Poet Claudia Rankine is, to quote one reviewer, a "literary rock star."
Her latest book, "Citizen: An American Lyric," was a finalist for the National Book Award and has been nominated for National Book Critics Circle Awards in both the categories of poetry and criticism.
The book, which is published by Twin Cities' Graywolf Press, combines essays and poetry with photographs and visual art.
It's a compelling examination of what it means to be black in America today, considering everything from how Serena Williams is treated on the tennis court, to the handling of Hurricane Katrina, to the growing number of young black men killed by cops.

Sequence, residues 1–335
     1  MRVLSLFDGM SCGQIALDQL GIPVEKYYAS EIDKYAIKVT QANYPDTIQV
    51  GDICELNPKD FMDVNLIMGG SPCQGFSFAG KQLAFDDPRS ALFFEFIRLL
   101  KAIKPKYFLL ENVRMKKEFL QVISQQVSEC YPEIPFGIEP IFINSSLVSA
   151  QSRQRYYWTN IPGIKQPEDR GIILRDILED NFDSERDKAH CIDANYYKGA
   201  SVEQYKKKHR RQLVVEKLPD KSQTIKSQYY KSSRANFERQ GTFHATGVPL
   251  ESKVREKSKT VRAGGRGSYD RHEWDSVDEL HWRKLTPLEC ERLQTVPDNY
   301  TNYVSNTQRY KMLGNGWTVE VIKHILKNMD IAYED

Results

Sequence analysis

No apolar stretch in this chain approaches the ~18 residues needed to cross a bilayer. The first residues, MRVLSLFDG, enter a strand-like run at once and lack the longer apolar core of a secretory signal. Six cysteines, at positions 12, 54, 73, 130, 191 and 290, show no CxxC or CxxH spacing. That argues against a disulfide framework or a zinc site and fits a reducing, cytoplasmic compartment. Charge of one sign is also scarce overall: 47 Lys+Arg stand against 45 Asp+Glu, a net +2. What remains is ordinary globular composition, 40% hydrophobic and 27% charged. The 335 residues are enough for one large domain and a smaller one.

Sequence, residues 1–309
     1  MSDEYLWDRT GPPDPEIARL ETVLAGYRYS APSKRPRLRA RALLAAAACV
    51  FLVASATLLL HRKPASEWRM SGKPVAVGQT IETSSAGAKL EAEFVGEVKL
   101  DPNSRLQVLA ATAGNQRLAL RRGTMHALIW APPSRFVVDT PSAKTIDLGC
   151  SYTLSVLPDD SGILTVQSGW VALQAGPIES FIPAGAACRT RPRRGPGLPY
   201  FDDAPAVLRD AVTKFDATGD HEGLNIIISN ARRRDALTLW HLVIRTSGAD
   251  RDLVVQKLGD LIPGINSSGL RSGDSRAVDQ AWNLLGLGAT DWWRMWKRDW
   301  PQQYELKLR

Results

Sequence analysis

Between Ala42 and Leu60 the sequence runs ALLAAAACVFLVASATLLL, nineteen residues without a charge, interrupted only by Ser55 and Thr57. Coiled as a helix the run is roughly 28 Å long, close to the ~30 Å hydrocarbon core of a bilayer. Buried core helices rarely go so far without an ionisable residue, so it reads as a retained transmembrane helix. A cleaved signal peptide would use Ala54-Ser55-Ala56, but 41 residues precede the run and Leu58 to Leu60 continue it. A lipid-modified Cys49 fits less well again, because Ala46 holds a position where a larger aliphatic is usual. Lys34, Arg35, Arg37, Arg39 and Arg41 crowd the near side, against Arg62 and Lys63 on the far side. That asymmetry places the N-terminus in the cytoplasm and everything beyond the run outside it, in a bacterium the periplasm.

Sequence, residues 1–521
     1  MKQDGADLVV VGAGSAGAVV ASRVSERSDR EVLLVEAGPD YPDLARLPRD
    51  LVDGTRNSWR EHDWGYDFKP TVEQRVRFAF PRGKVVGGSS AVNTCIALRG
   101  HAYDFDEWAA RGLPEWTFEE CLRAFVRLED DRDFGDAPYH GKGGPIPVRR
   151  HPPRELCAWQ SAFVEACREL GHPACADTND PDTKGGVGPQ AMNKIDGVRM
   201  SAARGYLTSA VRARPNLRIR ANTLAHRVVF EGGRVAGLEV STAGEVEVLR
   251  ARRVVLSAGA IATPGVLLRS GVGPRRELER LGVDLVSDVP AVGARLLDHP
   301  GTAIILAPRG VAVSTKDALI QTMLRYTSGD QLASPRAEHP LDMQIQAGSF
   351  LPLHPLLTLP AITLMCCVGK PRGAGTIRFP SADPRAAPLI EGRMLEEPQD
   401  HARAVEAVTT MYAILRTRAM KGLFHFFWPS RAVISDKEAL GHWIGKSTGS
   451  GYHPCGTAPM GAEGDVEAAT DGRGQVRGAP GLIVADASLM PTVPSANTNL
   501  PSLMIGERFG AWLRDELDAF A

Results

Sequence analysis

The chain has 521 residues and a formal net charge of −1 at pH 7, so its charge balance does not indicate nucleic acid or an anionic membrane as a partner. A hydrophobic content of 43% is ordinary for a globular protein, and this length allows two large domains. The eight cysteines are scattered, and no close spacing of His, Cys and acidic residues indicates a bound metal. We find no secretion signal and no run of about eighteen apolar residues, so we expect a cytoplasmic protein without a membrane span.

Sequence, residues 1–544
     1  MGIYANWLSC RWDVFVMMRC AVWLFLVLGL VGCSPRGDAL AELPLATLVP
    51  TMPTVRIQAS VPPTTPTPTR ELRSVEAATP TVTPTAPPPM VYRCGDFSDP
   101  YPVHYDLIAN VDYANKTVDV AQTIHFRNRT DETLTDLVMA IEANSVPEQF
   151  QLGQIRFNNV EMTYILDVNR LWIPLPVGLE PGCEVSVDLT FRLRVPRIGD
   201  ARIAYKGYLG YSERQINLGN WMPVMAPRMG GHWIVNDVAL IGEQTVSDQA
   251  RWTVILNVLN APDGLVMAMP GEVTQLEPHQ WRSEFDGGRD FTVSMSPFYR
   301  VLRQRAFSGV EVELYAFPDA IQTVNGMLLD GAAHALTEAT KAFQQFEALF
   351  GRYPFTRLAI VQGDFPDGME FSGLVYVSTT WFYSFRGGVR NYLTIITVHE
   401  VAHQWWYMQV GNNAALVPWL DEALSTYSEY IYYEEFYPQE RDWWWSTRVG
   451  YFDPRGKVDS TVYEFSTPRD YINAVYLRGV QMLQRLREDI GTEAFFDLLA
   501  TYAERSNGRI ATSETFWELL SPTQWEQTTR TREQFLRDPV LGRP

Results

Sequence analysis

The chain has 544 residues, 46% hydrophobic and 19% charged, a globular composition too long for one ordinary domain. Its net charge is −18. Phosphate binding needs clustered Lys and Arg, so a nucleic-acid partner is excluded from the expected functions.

Perhaps most compelling are Rankine's vignettes detailing numerous instances of racism experienced by herself, friends and colleagues.
Rankine was in town this past week for a seminar at St. Benedict's and we air part of her discussion on The Daily Circuit.
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